How do you like your eggs in the morning? Incredible images of food flash frozen in MID AIR

This scientist might have bitten off more than he could chew after these incredible images document his meal time struggles. Dr Verseux (pictured) tried his hand at cooking some noodles whilst in Antarctica


This scientist might have bitten off more than he could chew after these incredible images document his meal time struggles.

Cyprien Verseux, a glaciologist and astrobiologist, has been stationed out at the Concordia Station in Antarctica, renowned as one of the most remote scientific bases in the world.

Temperatures on the isolated continent can drop to well below -70°C (-94°F), making it impossible to access or use vehicles.

It also makes cooking in the open air a difficulty, as the cold temperature cause dishes to freeze almost instantaneously.

This ‘flash freezing’ effect is used in the food industry to preserve items – ranging from berries and mushrooms to chunks of chicken – by rapidly chilling them to extremely cold temperatures.

It causes water to evaporate extremely rapidly and stops the formation of ice crystals, which can damage food and cause it to degrade over time in regular freezers.

This scientist might have bitten off more than he could chew after these incredible images document his meal time struggles. Dr Verseux (pictured) tried his hand at cooking some noodles whilst in Antarctica

At one point, Dr Verseux decided to go outside and have a go at ‘cooking,’ taking photos of different kinds of foods in the deep freeze.

The gravity-defying pictures vividly illustrate the absolute intensity of the cold in Antarctica, and it’s clear this is no picnic for the team.

‘We run out of fresh food early in the winter (as we have no resupply from early February to early November), so we eat mostly frozen food: given that the temperatures are never in the positive, we just store it in containers outside,’ he said.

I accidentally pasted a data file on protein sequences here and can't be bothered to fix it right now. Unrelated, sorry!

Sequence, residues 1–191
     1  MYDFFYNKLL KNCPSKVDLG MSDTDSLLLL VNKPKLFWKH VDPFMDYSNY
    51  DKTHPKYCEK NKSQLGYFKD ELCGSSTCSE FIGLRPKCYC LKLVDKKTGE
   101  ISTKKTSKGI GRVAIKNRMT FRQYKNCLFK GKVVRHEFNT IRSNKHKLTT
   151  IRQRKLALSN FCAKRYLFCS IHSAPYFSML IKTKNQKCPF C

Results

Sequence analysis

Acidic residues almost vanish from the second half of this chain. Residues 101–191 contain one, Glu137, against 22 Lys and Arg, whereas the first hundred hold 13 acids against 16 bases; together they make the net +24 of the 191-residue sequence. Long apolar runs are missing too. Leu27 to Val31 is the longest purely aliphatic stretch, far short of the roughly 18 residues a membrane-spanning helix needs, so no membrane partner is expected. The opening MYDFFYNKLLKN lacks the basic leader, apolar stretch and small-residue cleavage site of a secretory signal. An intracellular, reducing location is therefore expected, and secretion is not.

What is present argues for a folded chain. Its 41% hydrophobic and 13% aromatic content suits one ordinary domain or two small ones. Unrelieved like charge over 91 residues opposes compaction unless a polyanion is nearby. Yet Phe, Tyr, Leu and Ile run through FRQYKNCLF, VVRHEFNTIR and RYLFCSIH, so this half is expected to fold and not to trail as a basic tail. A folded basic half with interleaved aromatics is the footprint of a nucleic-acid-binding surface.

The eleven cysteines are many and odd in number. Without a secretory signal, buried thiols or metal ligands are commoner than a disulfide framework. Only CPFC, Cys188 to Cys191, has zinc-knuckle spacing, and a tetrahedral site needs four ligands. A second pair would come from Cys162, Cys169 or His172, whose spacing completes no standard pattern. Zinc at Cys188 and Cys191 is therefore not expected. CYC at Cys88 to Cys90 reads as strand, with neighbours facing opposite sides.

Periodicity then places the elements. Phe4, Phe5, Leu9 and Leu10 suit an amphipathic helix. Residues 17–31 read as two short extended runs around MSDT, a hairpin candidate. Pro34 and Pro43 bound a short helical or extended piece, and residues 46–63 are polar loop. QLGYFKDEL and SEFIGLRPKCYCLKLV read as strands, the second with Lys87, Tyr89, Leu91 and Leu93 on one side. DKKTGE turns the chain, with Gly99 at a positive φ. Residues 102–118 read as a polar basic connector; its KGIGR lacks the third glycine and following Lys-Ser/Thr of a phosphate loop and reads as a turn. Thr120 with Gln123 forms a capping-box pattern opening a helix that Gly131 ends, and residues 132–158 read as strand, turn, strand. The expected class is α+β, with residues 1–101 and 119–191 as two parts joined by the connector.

Making a meal of it: the amusing pictures document Dr Verseux's attempts at cooking. The gravity-defying pictures vividly illustrate the absolute intensity of the cold in Antarctica, and it's clear this is no picnic for the team

Making a meal of it: the amusing pictures document Dr Verseux’s attempts at cooking. The gravity-defying pictures vividly illustrate the absolute intensity of the cold in Antarctica, and it’s clear this is no picnic for the team

Dinner time: Dr Verseux tries to cook up a storm with the food supplies the team has available. Temperatures on the isolated continent can drop to well below -70°C (-94°F), making it impossible to access or use vehicles

Dinner time: Dr Verseux tries to cook up a storm with the food supplies the team has available. Temperatures on the isolated continent can drop to well below -70°C (-94°F), making it impossible to access or use vehicles

 To help keep himself busy in between collecting samples about climate in previous eras, Dr Verseux has been keeping a blog and sharing his everyday experiences from the extreme environment. As temperatures plummet he demonstrates how fast water can turn to ice

 To help keep himself busy in between collecting samples about climate in previous eras, Dr Verseux has been keeping a blog and sharing his everyday experiences from the extreme environment. As temperatures plummet he demonstrates how fast water can turn to ice

WHAT IS FLASH FREEZING?

Flash freezing refers to objects frozen almost instantaneously when exposed to extremely low temperatures.

In the food industry, this is most commonly achieved by direct contact with liquid nitrogen which has a temperature of at least -160°C (-320.8°F), but can be colder.

This ‘effect is used in the food industry to preserve items – ranging from berries and mushrooms to chunks of chicken – as it causes water to evaporate extremely rapidly.

This stops the formation of ice crystals, which can damage food and cause it to degrade over time in regular freezers.   

Flash freezing techniques are also used to freeze biological samples fast enough that large ice crystals cannot form and damage the sample, using liquid nitrogen or a mixture of dry ice and ethanol. 

Even the International Space Station, which is 250 miles (400km) above the Earth, is closer to civilisation than this place, which is located deep inside the inhospitable continent.  

To help keep himself busy in between collecting samples about climate in previous eras, Dr Verseux has been keeping a blog and sharing his everyday experiences from the extreme environment.